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Christie Administration Pursuing Fiscal and Economic Irresponsibility at All Costs

New Jersey Gov. Chris Christie has pursued countless cuts to essential programs, waged an ideological war on state employees and teachers, pushed tax cuts for the rich over the middle class, and advocated for costly and fiscally unsustainable privatization schemes. Even in light of overwhelming public opposition to privatization and the significant pitfalls associated with these types of schemes, the Governor established a privatization task force by executive order earlier this year.

The panel, primarily composed of lobbyists and business interests, issued a report recommending that the state privatize programs across the board, including toll booth collections, preschools, state parks, prison food services, bus routes, and car emission inspections.  However, the report's conclusions unabashedly promote conservative ideological desires in place of rigorous research or recognition of New Jersey's troubled history with privatization. 

As Rutgers University Professors Jeffrey Keefe and Janice Fine emphasize in a recent publication, In the Public Interest? Safeguarding New Jersey’s Public Investments: A Response to the New Jersey Privatization Task Force Report, which analyzes the Christie administration's privatization task force report:


We believe what is required is a more comprehensive system with standards and rules for transparency... our initial research suggests that resources for State oversight are shrinking and the State is incapable of overseeing its current vast array of contracts.  The Task Force, guided by an ideology of “the market is always more efficient,” has advanced a privatization program that will result in reduced services; higher fees, fares, and costs; and the substitution of bad jobs for good ones. If the privatization program is implemented it will  not achieve its advertised objective of saving costs through greater efficiency. In the long run these projects will cost taxpayers more, while providing fewer services and raising fees, fares, and user costs.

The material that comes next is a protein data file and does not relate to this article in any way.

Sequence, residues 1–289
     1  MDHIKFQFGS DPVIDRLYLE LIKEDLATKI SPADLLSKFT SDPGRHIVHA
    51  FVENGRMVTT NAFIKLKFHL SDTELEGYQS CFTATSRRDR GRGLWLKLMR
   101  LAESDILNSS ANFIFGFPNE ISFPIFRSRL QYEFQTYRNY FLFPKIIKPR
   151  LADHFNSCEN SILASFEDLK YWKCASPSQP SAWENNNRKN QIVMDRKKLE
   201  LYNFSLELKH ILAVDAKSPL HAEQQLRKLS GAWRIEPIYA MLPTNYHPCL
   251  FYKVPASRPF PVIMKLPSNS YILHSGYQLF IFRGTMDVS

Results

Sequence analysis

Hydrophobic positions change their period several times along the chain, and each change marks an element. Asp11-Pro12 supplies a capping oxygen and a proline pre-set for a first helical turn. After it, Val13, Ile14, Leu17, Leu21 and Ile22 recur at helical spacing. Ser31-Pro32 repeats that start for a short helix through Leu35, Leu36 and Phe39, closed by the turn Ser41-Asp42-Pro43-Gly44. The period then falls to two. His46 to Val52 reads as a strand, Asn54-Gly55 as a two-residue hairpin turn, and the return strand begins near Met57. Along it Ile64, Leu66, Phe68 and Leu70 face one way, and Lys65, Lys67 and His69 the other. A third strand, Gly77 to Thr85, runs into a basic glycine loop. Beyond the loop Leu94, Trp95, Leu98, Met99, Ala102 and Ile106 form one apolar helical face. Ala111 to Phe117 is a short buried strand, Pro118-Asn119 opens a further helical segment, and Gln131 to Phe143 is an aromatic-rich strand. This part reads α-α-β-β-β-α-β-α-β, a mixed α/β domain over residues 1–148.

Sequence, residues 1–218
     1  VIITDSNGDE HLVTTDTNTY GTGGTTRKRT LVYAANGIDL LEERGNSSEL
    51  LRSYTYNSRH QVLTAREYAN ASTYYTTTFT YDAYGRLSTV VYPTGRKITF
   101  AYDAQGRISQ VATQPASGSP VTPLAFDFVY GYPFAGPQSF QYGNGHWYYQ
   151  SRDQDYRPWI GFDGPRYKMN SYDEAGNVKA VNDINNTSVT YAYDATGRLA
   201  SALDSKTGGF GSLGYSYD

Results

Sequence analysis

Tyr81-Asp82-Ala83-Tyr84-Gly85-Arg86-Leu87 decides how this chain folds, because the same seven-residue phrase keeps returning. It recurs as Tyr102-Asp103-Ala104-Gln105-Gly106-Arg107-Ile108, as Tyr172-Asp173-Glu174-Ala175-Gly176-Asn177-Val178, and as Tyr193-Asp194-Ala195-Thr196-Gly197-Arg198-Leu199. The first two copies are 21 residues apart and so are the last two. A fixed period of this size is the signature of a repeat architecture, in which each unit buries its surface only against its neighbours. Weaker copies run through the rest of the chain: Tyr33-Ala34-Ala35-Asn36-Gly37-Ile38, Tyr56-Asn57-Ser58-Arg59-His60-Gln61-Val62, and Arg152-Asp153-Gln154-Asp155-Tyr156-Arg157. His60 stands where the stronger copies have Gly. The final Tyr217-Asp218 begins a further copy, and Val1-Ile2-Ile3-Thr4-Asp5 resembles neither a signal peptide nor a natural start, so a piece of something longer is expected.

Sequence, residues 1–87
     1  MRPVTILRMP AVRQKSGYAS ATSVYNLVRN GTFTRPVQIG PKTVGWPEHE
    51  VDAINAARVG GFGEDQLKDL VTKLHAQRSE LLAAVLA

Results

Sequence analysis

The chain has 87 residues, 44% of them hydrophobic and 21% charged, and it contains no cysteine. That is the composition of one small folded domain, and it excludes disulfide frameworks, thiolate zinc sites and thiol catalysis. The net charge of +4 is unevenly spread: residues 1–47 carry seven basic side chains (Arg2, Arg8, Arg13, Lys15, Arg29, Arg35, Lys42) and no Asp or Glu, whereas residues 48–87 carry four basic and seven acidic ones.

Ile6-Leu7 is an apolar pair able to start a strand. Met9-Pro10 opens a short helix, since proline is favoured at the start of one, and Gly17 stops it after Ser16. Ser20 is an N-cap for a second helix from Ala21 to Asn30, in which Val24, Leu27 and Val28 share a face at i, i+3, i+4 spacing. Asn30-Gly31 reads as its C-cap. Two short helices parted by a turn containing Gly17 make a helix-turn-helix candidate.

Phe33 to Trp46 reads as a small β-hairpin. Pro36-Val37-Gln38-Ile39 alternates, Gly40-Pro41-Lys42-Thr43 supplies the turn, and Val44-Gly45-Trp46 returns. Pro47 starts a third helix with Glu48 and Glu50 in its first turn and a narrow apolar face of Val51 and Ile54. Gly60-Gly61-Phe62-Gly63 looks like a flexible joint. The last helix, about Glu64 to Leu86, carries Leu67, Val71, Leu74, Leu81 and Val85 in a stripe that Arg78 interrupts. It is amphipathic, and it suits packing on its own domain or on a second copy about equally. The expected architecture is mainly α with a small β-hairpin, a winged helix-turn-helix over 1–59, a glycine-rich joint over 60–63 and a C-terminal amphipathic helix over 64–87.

Despite mounting opposition, the administration has moved forward with these efforts. As Stateline.org points out, New Jersey's Department of Environmental Protection (DEP) recently issued a request for proposals (RFP) from contractors to assume operation of some of the state’s land-use permitting process.  Critics have expressed outrage, citing that the "DEP appeared ready to let a private sector company decide when developers can build near wetlands or other lands protected by state law — something that has never been tried in any state." As Progressive States Network has noted in the past, privatization efforts often reflect a desire for a short-term infusion of capital and result in lost accountability, policy driven by profit rather than public interest, potential conflicts of interests, and higher future costs and fees for state residents.

The Christie administration's short-sighted privatization efforts come at the heels of a slew of economically and socially irresponsible actions.  An error on the "Race to the Top" application cost the state $400 million in federal funds for crucial investments in education.  Last month, the Governor nixed the Access to the Region’s Core (ARC) tunnel, which was slated to be the nation's largest job-creation project, would have doubled the existing rail capacity between New Jersey and New York City, and fostered dynamic economic growth once completed. Most recently, an audit uncovered that New Jersey has utilized less than 10 percent of federal Recovery Act funds dedicated to the state's weatherization assistance program.

At a time when unemployment remains persistently high and crucial investments in public structures are necessary to spur recovery, the egregious lack of foresight of the Christie administration's economic and fiscal agenda is wholly unconscionable.

This article is part of PSN's email newsletter, The Stateside Dispatch.
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